Do you see a ? followed by key-value pairs of the data you just entered?

Amazing! We just got the information filled in by the user in the URL of the page.

Note: In this case, the GET method requests the data from the HTML form (when we press submit) and the query string (key-value pairs) is sent in the URL of the GET request.

But what if we wanted to input important information like Passwords, Credit Card details etc.? We don’t want such important information to be shown in the URL right?

Thus, GET requests should never be used when dealing with sensitive data.


This is where the POST request comes into picture. POST is used to send data to a server to create/update a resource.

To implement the POST method, everything in the HTML form remains the same except this line:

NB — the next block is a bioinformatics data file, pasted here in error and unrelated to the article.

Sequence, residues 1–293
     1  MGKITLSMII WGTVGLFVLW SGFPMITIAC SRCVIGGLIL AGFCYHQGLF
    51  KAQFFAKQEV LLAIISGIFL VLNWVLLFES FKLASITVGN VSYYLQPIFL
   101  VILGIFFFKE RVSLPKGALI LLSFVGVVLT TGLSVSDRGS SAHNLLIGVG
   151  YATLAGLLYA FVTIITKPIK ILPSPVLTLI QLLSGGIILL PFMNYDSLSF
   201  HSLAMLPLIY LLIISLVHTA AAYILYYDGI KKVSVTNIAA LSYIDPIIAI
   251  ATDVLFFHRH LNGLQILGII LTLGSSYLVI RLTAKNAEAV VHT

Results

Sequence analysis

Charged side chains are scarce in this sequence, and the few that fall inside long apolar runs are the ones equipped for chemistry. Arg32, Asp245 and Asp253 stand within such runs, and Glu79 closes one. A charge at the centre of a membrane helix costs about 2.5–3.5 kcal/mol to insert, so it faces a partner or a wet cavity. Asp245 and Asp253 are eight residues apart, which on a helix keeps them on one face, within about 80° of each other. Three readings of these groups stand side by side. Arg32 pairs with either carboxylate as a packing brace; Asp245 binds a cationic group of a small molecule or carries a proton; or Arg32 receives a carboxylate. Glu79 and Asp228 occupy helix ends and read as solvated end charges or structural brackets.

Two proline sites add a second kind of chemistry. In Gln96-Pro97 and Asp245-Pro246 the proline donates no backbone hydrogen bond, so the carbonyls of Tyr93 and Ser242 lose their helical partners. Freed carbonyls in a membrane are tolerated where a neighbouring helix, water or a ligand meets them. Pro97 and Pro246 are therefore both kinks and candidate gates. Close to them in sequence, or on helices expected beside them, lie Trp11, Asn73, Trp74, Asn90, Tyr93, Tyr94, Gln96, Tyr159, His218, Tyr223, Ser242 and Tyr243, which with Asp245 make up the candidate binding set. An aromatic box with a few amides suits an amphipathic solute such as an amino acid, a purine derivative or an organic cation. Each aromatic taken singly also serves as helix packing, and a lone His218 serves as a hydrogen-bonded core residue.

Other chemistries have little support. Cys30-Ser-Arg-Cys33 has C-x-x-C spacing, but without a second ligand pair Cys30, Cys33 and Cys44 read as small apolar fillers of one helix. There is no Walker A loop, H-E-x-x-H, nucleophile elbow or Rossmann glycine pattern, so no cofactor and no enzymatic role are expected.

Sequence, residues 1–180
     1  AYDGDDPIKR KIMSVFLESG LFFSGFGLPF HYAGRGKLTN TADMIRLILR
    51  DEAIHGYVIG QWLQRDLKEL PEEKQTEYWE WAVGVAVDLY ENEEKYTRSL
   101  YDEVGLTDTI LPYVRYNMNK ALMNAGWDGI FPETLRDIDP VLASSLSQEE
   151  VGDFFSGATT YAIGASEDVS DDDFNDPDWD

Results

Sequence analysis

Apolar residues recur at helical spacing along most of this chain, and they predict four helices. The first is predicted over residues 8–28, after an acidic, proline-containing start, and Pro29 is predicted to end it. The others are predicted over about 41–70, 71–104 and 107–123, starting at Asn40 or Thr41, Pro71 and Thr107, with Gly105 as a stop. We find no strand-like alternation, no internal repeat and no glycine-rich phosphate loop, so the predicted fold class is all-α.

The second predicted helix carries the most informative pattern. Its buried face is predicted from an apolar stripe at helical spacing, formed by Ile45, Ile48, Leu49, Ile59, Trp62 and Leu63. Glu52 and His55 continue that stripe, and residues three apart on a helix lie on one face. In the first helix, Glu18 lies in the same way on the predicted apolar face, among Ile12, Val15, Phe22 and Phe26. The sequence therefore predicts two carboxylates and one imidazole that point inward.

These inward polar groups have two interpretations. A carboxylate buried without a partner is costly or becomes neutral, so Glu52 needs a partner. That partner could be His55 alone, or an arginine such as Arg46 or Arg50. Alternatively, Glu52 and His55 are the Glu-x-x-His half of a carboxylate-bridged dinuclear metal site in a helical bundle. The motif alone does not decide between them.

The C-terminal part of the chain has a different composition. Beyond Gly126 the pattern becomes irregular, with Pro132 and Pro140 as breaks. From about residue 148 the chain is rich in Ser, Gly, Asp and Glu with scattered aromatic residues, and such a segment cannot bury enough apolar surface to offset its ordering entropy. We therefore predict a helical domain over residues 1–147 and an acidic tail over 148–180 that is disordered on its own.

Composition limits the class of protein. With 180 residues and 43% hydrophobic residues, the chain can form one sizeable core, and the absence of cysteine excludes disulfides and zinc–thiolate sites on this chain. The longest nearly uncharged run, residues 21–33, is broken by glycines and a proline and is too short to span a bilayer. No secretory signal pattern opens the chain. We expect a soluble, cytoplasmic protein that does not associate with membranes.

<form action="" method="post">

Make this change and refresh your browser. The form looks the same. But now, try to fill in your Name and Age and press submit. Do you see any change in the URL?

You won’t. But the key value pairs of the data you just entered are still available. We just don’t see it!

Note: The data sent to the server with POST is stored in the request body of the HTTP request and not in the URL.

In both cases, the form elements (like Name, Age etc) are made available to be used by our PHP scripts. So now let’s look at how we can actually use this data by writing a new PHP script!

PHP Forms

Now, the user fills in the form and presses submit. Let’s say we then want to redirect the user to another page where we simply display the details he/she just entered. This can be done by setting the action attribute of the form element in HTML:

<form action="action.php" method="post">

This implies that we want to send a POST request and redirect the user to a new page action.php when the user clicks on the submit button. Easy, right?